Prudent decision-making

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If last year someone had asked me what words best characterise the life of a second-year MBA at London Business School, my immediate response would have been “ease” and “freedom”. At the time, the reasons for drawing such conclusions seemed perfectly rational.

Although separated by only one year, the contrast between the life of a first and second year was just too striking to think otherwise. While we first years were consumed with a busy course load of core classes, the second years had a much less demanding portfolio of electives. We were required to work with one, diverse, six to seven-person study group for the entire year.

They, on the other hand, had the discretion to work in much smaller groups and with whoever they wished. Most of us had neither job nor interview, while many of the second years were either interviewing and/or had offers from the world’s most highly regarded companies.

These contrasts suggested that the second year offered a much less stressful experience. As a result, many of us eagerly looked forward to what seemed to be the more enjoyable phase of the MBA.

Having this impression firmly etched in my brain, I anticipated a rush of ease and freedom on my return from the summer internship. However, this feeling was nowhere to be found. Instead, anxiety greeted me. Thankfully, misery loves company and I did not suffer alone. Usually over a drink, my classmates and I would discuss the unexpected difficulties the second year had brought.

However, this anxiety should be appreciated as, for the first time, we have been forced to ask ourselves the questions that really matter and will bring about true fulfilment in our lives.

School administrators, teachers and mentors warned against letting career decisions rely too heavily on pay and prestige. They continually reminded us that quality of life, family and personal fulfilment are what should be our most precious considerations.

However, during the exhaustive internship search, very few heeded this advice. Who could blame us? With this unique opportunity to explore new career opportunities, it would be foolish not to pursue something we had never done before.

Yet looking back, I suspect that many of our decisions were not purely based on expanding our horizons and knowledge. At least a small part of all of us was looking forward to the satisfaction that comes from telling others what we did, who we worked for and how much we earned.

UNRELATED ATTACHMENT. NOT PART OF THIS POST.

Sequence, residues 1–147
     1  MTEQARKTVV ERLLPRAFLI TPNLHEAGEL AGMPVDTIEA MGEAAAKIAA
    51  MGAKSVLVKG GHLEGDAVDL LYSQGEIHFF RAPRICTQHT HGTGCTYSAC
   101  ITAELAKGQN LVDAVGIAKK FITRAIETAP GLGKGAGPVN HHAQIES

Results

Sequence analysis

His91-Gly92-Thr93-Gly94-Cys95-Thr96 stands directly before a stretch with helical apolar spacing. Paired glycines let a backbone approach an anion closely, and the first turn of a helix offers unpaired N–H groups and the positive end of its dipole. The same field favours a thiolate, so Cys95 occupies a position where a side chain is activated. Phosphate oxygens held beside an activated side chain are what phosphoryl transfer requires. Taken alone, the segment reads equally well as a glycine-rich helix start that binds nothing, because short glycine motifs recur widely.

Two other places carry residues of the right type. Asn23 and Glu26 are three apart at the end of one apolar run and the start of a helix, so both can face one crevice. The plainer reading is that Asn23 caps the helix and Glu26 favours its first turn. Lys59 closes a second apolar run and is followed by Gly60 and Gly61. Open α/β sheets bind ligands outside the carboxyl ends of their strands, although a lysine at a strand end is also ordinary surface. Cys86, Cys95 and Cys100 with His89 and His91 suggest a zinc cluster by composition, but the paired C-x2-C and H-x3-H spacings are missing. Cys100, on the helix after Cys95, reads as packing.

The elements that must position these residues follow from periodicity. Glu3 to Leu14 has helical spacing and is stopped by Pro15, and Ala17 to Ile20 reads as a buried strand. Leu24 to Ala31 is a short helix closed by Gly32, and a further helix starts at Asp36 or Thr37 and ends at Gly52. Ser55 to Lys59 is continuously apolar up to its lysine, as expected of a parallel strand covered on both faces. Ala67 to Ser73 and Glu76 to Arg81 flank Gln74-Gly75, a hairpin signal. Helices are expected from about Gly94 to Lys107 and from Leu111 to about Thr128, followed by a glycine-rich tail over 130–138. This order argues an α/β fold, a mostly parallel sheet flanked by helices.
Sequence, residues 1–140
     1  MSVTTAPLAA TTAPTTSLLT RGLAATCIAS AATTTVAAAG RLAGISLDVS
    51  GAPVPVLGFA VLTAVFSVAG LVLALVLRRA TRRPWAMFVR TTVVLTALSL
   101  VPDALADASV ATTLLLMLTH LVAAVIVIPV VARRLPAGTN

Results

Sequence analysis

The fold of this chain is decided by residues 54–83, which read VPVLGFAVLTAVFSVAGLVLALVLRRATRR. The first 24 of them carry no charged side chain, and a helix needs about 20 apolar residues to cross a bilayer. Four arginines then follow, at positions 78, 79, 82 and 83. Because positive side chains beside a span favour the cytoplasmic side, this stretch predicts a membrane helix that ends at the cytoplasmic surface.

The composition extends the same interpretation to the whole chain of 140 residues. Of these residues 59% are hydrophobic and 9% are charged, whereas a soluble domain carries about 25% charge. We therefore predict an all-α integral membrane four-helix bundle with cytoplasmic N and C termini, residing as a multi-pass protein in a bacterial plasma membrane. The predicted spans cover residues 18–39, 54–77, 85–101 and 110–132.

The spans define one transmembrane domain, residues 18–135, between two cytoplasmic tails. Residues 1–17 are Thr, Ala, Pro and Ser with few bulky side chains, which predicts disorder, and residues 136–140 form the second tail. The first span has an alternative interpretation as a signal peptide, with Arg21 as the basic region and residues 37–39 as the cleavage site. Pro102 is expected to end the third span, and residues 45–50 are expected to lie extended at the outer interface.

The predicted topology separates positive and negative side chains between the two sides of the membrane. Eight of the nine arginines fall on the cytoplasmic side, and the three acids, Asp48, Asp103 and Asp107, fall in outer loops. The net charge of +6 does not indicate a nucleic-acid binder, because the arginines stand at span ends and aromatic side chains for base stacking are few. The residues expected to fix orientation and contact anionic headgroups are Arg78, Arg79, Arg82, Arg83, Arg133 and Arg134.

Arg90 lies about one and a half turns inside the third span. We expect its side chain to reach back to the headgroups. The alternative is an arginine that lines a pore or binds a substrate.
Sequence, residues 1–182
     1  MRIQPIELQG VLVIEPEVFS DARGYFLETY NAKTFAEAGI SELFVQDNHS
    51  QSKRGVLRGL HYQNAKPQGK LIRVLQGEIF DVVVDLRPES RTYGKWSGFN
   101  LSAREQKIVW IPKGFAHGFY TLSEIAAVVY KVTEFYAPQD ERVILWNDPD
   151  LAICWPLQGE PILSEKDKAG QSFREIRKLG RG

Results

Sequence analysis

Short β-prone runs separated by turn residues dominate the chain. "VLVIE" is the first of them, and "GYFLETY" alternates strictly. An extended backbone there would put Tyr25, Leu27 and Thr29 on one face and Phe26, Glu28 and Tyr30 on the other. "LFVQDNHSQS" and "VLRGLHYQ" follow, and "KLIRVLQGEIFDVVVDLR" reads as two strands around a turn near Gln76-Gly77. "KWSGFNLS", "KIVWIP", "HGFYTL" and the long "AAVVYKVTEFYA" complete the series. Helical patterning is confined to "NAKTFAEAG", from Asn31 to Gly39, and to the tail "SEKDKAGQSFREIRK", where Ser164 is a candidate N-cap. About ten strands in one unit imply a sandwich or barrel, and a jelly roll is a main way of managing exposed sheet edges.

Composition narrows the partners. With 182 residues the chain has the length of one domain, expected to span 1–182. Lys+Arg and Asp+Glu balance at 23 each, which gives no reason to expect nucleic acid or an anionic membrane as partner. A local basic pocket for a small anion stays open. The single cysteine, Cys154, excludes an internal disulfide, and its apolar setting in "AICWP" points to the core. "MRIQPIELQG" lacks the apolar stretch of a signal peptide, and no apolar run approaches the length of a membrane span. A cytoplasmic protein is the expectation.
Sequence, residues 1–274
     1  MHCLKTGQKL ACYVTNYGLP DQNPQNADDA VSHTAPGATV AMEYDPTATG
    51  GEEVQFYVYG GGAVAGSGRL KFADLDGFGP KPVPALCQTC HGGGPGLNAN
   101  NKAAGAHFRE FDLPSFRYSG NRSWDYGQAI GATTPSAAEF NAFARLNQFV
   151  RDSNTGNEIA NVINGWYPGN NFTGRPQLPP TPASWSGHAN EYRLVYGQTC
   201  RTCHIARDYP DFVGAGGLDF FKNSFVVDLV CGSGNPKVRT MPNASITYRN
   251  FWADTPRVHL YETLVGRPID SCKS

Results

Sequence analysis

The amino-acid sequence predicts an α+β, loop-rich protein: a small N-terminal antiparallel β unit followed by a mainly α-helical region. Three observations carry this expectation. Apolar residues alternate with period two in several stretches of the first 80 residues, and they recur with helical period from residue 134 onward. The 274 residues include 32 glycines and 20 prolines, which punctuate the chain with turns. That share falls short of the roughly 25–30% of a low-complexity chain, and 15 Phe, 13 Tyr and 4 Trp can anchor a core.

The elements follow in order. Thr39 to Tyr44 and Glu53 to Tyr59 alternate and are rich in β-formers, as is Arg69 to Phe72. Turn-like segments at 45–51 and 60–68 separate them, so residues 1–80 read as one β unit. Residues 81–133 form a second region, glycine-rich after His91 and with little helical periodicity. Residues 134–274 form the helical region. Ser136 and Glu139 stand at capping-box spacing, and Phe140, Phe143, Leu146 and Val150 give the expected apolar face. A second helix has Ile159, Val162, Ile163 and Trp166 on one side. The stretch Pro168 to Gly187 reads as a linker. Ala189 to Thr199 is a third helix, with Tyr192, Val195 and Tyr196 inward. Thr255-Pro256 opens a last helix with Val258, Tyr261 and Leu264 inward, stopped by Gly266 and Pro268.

Their validation would be enough to justify our decision and the drawbacks such a decision requires us to endure. Thankfully, the internships gave us the opportunity to analyse the true motivations behind our decisions and whether we are ready to make the commitment these industries and companies require.

Regardless of how well our internships went, most of us reached the same common conclusion; we still have more growth to experience. An MBA from a top programme merely makes your entry into certain companies and industries much easier. By no stretch of the imagination will it bring about our success. For that to occur, we must continue to demonstrate the same hunger and drive that has taken us this far.

As we quickly saw, commitment to further growth again requires much sacrifice and compromise. It may require living in a place that we may not like, or spending long hours at our place of employment, or continually travelling.

To make this decision we must consider questions we never really reflected on during the internship search. We had to look at our bosses and supervisors and ask ourselves: “Is that who we wish to be?” We had to ask ourselves that all-too-often-forgotten question: “Does this make us happy?”

There were those lucky few who could immediately respond either yes or no. But, I have the impression that the overwhelming majority of us languished somewhere in the middle. This ambivalence has become the root of the anxiety that hits the second-year student.

But the best resource to help navigate this treacherous period is our classmates. Our countless lunches, dinners and drinks help us find our way. Our conversations expose us to new job opportunities and help provide a critical analysis of our perceived strengths and weakness.

They give us the opportunity to listen to the experiences and impressions of others working in various roles and positions. Consequently, we are beginning to see what we really want to do with our lives.

It demonstrates yet again another invaluable aspect of the MBA, the unique chance to gain advice and insight from some of the sharpest minds, a luxury you do not appreciate until it is placed in front of you.

I have still not decided what to do with the next phase of my life after my graduation in July. But I can say that I can now see much more clearly than I did a few months ago. I realise what opportunities are not for me and those in which the commitment is too great.

In spite of the anxiety, I am aware that, if ever there was a time for prudent decision-making, it is now. So I can firmly say that life as a second-year MBA is not necessarily the place of ease and freedom, but is in fact full of some very real stresses. But I am comforted by the fact that through thoughtful deliberation and consultation, I will not make a decision that is purely about pay and prestige. Rather, one that brings about personal fulfilment and happiness.

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